Learning a new language is one of the greatest ways to be able to communicate with people from all around the world. You’ll constantly be expanding your horizons, and it’s an amazing feeling that you can’t quite describe unless you’ve tried it yourself. Learning a foreign language in three months is possible, but it requires using the right methods. Traditional methods never really work because they’re too slow.
Learning a new language is like a puzzle. There are no shortcuts, no one size fits all approach to learning a foreign language. However, you don’t need to be fluent on day one and with some hard work you can certainly become fluent in three months!
It can be very inspiring to try to learn a language in just 3 months. But what makes it difficult is that while people often say they want to learn a language, we don’t always know how to prioritize our goals or set realistic time frames.
Here I am going to give you 3 possible approaches that help you to learn fast
Take a 3-month Language Immersion
If you’re making your dreams of learning a new language come true with an immersion trip, there are a few things to keep in mind when preparing. Before starting an immersion trip, do a bit of initial research into your target language. Learning strategies can differ greatly depending on how closely related your target language is to your first language or one that you already speak well. So, if you’re heading off to spend three months in French immersion and your native language is English, start by brushing up on the similarities in sounds and word parts between your two languages.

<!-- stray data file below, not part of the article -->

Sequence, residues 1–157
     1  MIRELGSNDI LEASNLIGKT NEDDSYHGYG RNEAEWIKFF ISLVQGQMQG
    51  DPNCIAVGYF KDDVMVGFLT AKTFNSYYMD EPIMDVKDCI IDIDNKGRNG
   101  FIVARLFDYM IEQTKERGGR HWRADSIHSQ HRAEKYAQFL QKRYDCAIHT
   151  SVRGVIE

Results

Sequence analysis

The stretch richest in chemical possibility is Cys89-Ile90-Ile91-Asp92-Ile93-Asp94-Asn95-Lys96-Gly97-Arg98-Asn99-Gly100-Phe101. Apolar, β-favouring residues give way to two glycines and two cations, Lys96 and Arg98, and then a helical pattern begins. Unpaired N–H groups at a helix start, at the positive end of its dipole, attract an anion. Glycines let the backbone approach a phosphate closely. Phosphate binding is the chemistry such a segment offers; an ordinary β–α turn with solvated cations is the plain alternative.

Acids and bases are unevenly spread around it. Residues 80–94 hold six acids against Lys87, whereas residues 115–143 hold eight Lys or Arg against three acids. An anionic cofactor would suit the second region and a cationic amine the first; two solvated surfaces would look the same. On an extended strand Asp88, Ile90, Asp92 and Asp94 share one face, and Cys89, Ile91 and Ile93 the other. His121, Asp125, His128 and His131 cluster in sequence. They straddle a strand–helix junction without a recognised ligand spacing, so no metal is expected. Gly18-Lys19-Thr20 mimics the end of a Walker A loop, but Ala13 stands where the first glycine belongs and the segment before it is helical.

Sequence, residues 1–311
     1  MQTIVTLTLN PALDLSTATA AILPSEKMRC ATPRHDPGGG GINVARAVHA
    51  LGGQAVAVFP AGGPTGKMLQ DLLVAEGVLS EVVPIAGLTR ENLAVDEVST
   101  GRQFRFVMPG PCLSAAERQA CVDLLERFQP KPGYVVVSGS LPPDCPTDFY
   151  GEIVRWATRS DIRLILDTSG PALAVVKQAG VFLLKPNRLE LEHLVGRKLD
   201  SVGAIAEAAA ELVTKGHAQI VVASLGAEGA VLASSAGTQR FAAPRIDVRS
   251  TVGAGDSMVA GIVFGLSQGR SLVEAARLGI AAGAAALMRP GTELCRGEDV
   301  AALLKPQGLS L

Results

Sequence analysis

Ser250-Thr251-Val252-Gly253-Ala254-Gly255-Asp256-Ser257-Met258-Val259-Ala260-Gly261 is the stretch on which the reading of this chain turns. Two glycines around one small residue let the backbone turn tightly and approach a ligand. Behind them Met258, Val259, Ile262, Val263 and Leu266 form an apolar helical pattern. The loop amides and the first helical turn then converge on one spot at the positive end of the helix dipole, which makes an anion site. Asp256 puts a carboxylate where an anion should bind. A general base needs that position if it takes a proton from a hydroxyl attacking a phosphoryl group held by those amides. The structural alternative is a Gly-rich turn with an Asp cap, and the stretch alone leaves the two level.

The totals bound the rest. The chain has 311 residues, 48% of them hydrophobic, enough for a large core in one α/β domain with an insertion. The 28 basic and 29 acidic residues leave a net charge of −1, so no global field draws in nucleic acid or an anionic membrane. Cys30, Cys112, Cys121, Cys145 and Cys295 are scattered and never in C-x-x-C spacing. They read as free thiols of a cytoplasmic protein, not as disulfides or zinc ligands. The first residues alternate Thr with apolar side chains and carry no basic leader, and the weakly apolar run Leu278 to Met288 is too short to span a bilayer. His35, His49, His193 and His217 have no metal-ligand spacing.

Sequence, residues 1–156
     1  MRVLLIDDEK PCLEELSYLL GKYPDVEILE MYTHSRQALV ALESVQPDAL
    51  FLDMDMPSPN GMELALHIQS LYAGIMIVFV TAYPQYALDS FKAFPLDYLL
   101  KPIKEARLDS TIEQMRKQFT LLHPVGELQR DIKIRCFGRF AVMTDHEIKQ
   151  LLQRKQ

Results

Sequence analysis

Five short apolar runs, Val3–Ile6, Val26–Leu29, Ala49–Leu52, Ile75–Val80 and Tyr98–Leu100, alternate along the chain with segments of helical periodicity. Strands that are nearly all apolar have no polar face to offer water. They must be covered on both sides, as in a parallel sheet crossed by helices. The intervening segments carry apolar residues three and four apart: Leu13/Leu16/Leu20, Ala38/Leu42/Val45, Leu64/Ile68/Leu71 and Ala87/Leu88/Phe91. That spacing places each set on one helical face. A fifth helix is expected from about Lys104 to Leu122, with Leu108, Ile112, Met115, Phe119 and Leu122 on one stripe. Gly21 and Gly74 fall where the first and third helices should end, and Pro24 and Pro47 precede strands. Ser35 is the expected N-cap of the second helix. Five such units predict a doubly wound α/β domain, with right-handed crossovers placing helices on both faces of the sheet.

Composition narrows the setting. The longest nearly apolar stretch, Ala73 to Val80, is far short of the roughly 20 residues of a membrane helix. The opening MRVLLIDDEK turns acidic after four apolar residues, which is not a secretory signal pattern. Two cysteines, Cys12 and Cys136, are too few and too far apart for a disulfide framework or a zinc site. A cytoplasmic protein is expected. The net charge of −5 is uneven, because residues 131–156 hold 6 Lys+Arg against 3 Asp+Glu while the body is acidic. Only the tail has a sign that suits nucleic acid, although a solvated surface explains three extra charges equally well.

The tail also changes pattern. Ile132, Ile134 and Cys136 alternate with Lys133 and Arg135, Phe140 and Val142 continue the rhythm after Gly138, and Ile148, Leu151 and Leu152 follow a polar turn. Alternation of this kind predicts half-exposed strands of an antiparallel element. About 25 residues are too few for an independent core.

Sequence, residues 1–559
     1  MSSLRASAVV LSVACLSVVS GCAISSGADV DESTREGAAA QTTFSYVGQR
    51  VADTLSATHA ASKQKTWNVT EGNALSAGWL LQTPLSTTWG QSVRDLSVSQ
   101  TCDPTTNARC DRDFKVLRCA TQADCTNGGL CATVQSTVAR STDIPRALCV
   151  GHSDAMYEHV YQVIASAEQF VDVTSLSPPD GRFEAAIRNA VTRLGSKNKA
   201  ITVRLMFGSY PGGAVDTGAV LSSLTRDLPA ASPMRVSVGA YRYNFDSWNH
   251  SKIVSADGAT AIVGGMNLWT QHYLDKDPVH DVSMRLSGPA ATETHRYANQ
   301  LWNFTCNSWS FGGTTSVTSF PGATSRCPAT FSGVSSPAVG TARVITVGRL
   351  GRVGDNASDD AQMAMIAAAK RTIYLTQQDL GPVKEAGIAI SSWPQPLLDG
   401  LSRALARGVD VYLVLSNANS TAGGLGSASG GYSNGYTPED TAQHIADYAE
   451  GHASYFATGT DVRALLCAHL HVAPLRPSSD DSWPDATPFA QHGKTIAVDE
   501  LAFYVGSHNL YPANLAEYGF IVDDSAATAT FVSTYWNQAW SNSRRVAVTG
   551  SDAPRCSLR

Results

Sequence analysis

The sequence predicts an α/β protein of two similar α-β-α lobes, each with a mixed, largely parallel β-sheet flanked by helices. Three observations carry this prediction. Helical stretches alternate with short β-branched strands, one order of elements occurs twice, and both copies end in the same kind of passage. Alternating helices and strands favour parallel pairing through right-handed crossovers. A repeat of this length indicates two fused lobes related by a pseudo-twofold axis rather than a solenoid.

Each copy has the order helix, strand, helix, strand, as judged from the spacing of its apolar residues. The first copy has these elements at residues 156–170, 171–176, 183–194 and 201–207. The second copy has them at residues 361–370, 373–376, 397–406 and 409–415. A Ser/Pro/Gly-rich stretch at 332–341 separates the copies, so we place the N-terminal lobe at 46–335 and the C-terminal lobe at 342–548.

Immersion learning is one of the most effective ways to build speaking and listening fluency, improve vocabulary and grammar, and learn about a new culture. It doesn’t get much better than immersing yourself in your target language for three months!
Month 1: getting comfortable with your language
In your first month of immersion language learning, your major objectives are learning to recognize words and phrases in your language, overcoming the initial anxiety and discomfort of speaking, and starting to use your language right away.
This means you’re going to start slowly and you don’t need to memorize them all.